• But there’s another aspect of the call to holiness, to the perfection of charity, that chastity makes possible. It’s not just not committing sins of porneia, but it’s through coming aflame with agape, with philia, and with a chaste eros that leads us to see and reverence the good, true and beautiful in others and not let fallen eros corrupt our love. We learn that from Christ. In the Opening Prayer today, we asked God the Father to clothe us in the virtues of Christ his Son and set us aflame with his love.” Christ shows us chaste love and how it sets us aflame with love. He wants to give us that gift and help transform us so that his mystical body can give witness to the beauty of chaste love. The Parable of the Ten Virgins from today’s Gospel helps to illustrate this point. We’re called, with the wise bridesmaids, to have such a longing for Christ the Bridegroom that we’re vigilant for his coming at all times. When our hearts are full of the oil of love for him that can’t get extinguished, then we’re far less vulnerable to the temptations to reject him for an attractive Barabbas in disguise. The thought of “wise virgins” reminds us of what Saint John Paul II called “the virginal meaning of the body,” that we are first meant to give ourselves body and soul to God, as we hope to do in heaven. When we remember this purpose of the body, then we can hold ourselves and others in holiness and honor. This Parable points us to the truth that there are some things we can’t borrow, like others’ faith, hope and love, like others’ chastity. But while we’re burning, we can strengthen our flame by surrounding ourselves by those who are models of chaste love, who really love with a fire that flows from chastity, rather than who don’t love at all and think that continence means the same thing as chaste love. At the end of today’s Gospel, there’s an important dialogue. When the unwise virgins knock on the door asking for admittance, the Bridegroom doesn’t say, “Sorry, you were late. Too bad.” Rather, he says, “Amen, I never knew you.” It’s through chaste love that we get to know him. Our love feeds our knowledge that in turn feeds our love in a spiral that leads us through love to his eternal kingdom. The one who loves Jesus, as he says multiple times during the Last Supper, is the one who keeps his commandments, including the sixth in all its forms. And this is something that we need to know and live and help our culture come to know and live.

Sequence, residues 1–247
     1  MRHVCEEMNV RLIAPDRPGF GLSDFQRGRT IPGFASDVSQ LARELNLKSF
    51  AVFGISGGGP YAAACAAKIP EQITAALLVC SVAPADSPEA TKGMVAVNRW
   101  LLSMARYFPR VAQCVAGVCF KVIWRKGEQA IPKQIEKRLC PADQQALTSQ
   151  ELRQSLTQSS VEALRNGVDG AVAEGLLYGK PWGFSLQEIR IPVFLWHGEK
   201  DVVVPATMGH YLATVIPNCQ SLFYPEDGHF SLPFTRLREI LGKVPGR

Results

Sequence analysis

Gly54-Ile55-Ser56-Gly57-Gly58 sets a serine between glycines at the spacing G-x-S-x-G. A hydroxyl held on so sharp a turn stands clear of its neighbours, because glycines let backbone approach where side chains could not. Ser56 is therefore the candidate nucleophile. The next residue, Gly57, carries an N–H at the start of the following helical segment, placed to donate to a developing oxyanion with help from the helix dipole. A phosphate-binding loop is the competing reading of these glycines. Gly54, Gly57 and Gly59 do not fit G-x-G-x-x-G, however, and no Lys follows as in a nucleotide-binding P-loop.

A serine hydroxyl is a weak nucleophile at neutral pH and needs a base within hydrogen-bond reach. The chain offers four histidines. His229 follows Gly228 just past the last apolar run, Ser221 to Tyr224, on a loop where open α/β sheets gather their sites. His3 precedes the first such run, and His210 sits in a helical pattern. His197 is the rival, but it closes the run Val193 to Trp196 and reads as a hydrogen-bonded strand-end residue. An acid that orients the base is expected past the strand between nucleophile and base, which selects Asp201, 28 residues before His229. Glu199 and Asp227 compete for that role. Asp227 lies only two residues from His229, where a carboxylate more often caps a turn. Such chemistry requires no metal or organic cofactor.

• The wedding banquet to which today’s Gospel alludes is fulfilled on earth here at Mass, which is the consummation of the union between Christ the Bridegroom and his Bride the Church. It’s here where we receive what Jesus said to St. Margaret Mary in the revelation of his Sacred Heart, as the “Sacrament of Love.” This is where our chaste and passionate Lord loves us and transforms us to love others as chastely and as passionately as he has loved us first.

The readings for today’s Mass were: 

Reading 1 1 THES 4:1-8

Brothers and sisters,
we earnestly ask and exhort you in the Lord Jesus that,
as you received from us
how you should conduct yourselves to please God–
and as you are conducting yourselves–
you do so even more.
For you know what instructions we gave you through the Lord Jesus.

This is the will of God, your holiness:
that you refrain from immorality,
that each of you know how to acquire a wife for himself
in holiness and honor, not in lustful passion